Biography for Alicia Caramenico
Alicia Caramenico is the senior editor of FierceHealthPayer and its related publications. Before joining FierceMarkets, she was a web production/multimedia intern at the non-profit Education Week. For almost two years she worked as a publications intern at RiskMetrics Group, a risk management and corporate governance firm in Rockville, Md. Alicia holds a B.A. in print journalism from American University in Washington, D.C. She enjoys reading and playing with her English bulldog. Alicia can be reached at firstname.lastname@example.org. Follow @FierceHealth and @HealthPayer on Twitter and find her on LinkedIn.
Articles by Alicia Caramenico
Efforts to control healthcare costs and reduce utilization require all hands on deck--from all hospital departments and service lines. The most successful hospitals use multidisciplinary teams to integrate care for better outcomes and lower costs.
With more than 25 million uninsured people eligible for health coverage assistance programs under the Affordable Care Act, a new report from the Robert Wood Johnson Foundation (RWJF) looked at how those numbers would play out across states.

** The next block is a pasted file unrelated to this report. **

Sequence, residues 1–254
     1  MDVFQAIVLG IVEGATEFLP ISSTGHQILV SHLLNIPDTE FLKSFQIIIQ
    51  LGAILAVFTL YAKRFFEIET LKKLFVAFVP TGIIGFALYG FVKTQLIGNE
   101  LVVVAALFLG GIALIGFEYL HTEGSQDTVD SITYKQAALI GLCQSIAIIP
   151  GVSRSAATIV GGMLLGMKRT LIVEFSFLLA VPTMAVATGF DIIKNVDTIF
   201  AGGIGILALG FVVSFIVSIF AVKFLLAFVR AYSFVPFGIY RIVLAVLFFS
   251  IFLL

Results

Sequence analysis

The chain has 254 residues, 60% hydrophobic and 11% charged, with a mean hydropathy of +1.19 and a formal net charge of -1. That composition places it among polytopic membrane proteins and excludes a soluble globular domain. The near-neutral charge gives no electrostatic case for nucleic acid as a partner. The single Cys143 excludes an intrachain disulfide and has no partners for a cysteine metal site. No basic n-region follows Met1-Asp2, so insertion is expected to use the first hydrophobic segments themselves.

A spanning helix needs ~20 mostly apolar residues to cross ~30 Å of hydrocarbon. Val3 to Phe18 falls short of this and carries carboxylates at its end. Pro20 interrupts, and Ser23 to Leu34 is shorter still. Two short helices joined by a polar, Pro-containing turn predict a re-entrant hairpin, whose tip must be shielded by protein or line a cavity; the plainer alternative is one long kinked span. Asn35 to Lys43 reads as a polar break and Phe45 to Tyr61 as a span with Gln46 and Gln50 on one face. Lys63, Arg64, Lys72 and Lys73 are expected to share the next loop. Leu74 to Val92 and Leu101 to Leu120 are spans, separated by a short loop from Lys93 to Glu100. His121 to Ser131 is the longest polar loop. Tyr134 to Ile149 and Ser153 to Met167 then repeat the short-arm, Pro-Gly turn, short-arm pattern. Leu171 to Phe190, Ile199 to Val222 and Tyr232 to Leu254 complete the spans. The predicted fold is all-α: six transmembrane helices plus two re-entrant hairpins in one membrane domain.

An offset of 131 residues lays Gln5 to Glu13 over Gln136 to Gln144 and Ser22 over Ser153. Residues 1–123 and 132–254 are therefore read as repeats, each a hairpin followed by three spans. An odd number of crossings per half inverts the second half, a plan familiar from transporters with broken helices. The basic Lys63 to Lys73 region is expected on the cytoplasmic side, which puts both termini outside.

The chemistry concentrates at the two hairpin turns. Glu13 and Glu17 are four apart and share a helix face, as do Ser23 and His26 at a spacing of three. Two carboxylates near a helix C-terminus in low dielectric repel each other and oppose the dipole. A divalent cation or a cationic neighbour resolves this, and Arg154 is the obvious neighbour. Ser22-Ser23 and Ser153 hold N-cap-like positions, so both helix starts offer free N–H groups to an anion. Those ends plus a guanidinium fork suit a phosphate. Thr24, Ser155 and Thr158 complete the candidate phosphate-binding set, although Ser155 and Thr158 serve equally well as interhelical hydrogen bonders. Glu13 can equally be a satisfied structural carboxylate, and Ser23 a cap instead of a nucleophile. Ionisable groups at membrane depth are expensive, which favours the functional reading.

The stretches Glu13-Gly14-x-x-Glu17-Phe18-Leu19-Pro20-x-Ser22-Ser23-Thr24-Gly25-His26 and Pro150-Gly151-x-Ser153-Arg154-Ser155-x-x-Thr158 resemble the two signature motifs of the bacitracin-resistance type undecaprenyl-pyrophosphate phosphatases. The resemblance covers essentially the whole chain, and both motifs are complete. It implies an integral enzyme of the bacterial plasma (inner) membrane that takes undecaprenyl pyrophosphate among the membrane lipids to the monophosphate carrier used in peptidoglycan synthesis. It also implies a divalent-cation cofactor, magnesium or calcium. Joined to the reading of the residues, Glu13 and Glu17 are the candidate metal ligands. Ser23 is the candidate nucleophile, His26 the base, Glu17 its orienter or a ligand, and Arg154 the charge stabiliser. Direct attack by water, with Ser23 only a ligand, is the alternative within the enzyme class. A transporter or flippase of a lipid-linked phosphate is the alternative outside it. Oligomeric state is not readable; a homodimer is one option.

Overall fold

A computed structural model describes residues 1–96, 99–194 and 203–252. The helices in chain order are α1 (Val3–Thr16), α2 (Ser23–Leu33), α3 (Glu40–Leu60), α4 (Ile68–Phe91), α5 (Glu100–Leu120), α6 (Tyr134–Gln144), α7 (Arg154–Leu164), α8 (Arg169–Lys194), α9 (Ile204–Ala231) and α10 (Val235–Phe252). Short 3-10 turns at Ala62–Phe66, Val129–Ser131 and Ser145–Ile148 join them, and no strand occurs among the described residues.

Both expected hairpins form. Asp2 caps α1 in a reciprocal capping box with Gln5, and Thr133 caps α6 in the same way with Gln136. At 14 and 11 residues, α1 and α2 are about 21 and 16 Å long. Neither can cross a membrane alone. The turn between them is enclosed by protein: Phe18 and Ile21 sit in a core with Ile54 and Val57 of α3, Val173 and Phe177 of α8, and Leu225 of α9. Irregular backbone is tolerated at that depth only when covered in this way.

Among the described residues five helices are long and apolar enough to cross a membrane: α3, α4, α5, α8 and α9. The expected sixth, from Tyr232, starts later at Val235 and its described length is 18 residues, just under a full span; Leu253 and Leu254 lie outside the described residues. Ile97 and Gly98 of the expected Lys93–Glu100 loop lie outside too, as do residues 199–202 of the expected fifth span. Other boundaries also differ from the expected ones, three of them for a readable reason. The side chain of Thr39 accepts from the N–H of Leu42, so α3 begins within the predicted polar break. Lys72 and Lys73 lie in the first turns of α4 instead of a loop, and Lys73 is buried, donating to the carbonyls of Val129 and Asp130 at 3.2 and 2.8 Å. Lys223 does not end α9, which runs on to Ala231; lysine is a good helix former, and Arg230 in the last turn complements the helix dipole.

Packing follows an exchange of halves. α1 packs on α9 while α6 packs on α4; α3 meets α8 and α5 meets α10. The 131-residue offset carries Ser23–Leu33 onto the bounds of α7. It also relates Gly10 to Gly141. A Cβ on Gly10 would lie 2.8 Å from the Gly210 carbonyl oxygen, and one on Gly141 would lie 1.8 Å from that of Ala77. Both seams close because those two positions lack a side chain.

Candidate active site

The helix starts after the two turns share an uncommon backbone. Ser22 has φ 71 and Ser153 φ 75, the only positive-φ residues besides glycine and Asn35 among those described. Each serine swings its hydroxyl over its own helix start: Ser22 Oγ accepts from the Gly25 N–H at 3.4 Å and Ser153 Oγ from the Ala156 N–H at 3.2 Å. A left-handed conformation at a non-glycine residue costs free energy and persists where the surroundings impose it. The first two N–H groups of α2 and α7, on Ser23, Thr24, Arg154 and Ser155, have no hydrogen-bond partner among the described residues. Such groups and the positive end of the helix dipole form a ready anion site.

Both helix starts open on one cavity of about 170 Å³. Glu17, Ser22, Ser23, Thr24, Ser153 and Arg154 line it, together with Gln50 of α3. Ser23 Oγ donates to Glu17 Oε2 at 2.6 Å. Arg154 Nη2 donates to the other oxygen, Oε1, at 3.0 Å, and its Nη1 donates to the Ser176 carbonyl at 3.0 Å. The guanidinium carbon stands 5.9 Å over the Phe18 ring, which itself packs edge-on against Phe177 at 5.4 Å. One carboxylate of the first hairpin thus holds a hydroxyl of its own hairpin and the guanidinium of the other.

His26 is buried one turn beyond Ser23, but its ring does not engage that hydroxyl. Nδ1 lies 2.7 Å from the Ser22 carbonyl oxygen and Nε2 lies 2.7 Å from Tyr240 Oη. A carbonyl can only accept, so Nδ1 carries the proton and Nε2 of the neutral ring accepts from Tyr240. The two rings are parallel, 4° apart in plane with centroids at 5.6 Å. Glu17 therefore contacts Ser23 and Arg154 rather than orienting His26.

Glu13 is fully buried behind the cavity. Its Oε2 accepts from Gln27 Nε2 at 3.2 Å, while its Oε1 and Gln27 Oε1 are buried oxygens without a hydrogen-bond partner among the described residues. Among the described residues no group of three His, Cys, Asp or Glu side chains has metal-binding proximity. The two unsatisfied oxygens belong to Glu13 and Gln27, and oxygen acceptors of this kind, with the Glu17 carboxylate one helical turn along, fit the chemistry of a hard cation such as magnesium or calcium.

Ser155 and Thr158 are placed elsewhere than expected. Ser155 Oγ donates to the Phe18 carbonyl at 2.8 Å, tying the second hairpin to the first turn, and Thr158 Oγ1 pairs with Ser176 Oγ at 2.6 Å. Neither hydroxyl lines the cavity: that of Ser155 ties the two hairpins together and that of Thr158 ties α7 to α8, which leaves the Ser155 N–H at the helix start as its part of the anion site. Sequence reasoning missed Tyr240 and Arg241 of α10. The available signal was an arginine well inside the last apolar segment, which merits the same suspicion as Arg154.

The federal government has been shut down for 10 days and counting, and more details are emerging about how the Congressional standoff is affecting patients, providers and hospitals.
While some consider correlating healthcare and aviation to comparing apples to oranges, one airline captain and patient safety expert believes lessons from the air can help turn surgical team members into an expert operating room team.
The University of Miami Hospital overbilled Medicare by more than $3 million from April 1, 2009 through Dec. 31, 2010, according to an Office of Inspector General audit.
Seattle Children's Hospital has sued Washington state's Office of the Insurance Commissioner, claiming the health insurance exchange will prevent some patients from receiving care at the hospital, KPLU reported.
Hospitals should invest in nursing to reduce readmissions as a new Health Affairs study shows hospitals with higher nurse staffing had lower odds of receiving penalties for excess readmission rates.
Despite national calls to reduce costly hospitalizations and readmissions and enhance primary care, such initiatives don't always take off because they hurt hospitals' bottom line, the Pittsburgh Post-Gazette reported.
With only a year until the ICD-10 transition, smaller hospitals have jumpstarted their staff training but still lack preparations to work with payers, according to a new survey from Health Revenue Assurance Holdings.
Operational failures waste at least 10 percent of caregivers' time and can compromise the quality, timeliness and efficiency of care delivery, according to a working paper from the Harvard Business School.